Twenty minutes later, he came back and knocked again, this time saying, “You okay, Mom?”

    Within minutes, he had picked the lock and was hobbling through the crack in the stuck door. It was stuck on his mother’s face-down, colorless body. Runner didn’t know CPR, but he did it anyway. Just how it looked on the TV, only he cracked her sternum by pounding and pounding, all the while, wailing, and shouting through the snot, “Why’s this happening? Someone help me!”

    From that day forward, Runner could never make sense of her suicide. On those too few days when the recruiter was at his school with an arm hung around his shoulder, patting him on the back, inviting him away from his Aunt’s boring house, to go out and watch a game or shoot the shit or be handed a beer and winked at, Runner finally had an escape. Finally had someone resembling a father involved in his life. Finally felt happy and energetic and optimistic.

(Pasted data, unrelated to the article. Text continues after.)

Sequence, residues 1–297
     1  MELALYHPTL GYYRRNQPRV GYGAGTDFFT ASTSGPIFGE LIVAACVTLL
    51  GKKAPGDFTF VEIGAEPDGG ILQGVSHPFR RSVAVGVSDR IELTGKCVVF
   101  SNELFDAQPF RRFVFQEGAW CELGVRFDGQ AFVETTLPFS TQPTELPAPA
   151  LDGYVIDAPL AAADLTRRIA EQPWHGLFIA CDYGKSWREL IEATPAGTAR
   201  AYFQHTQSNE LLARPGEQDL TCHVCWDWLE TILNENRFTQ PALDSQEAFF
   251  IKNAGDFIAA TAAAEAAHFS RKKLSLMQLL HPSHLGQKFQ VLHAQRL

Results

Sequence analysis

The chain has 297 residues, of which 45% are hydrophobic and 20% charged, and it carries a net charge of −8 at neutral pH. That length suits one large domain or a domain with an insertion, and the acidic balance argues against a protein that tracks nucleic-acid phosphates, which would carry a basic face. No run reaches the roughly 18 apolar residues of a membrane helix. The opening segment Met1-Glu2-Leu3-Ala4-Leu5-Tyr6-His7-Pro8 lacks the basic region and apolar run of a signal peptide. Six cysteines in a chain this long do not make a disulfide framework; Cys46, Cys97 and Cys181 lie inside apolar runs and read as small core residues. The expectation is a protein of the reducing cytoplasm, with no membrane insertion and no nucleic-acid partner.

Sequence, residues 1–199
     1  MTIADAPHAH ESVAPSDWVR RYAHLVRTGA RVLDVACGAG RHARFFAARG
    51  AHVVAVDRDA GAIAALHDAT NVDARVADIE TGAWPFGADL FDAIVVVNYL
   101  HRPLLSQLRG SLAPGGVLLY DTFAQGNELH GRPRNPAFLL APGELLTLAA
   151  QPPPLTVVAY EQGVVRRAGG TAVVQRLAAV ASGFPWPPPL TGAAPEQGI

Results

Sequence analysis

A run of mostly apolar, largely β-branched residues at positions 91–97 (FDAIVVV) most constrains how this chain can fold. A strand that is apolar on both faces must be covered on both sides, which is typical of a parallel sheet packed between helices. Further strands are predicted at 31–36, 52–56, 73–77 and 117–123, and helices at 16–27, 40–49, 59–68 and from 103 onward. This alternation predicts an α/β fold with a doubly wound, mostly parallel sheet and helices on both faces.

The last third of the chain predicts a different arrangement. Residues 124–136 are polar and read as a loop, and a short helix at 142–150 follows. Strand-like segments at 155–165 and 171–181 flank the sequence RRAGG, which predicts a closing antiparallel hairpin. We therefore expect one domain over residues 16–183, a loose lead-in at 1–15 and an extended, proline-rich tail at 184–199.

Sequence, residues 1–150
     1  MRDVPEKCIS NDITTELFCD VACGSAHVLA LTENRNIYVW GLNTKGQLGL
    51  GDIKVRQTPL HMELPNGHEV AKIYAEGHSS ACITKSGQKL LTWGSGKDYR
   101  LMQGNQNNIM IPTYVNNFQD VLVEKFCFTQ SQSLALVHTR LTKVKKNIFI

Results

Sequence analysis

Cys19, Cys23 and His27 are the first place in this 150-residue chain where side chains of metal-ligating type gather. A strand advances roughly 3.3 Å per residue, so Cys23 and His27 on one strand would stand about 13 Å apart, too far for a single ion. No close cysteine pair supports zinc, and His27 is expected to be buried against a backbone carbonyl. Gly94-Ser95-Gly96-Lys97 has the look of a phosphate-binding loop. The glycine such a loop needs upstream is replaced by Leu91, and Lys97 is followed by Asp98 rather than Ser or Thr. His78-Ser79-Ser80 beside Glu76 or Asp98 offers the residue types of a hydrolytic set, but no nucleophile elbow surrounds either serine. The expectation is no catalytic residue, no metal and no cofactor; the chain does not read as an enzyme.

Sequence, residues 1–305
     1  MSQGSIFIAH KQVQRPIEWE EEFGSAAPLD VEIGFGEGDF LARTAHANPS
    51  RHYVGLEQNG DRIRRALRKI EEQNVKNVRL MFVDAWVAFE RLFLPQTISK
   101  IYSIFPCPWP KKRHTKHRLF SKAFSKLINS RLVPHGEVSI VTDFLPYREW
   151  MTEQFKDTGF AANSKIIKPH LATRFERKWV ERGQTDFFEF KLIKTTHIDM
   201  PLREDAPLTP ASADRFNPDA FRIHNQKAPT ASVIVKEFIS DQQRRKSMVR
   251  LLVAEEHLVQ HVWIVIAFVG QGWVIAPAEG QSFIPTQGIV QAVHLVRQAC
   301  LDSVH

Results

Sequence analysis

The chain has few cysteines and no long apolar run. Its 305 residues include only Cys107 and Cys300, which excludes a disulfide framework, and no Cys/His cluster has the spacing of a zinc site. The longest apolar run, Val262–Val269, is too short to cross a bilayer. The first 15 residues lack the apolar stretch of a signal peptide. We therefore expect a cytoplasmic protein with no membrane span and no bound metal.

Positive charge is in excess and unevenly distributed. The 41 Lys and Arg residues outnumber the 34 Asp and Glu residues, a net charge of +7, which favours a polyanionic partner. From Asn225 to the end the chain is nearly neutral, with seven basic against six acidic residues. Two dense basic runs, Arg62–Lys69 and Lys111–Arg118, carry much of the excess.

But when it was just Runner alone, which was too often, he couldn’t stop his mind from wondering. Wondering if he was all his mother had left, and because of that stupid day when he was laughing and pounding his chest and shooting off sarcastic comments, because of a stupid jump to impress stupid friends, was he actually the one who killed his mother rather than the drugs?

    And that recruiter of his—he really guided Runner in the right direction, didn’t he?

    “Please, I just need to go home,” Runner said, shaking, knowing fully well that he didn’t have a home outside of that camp.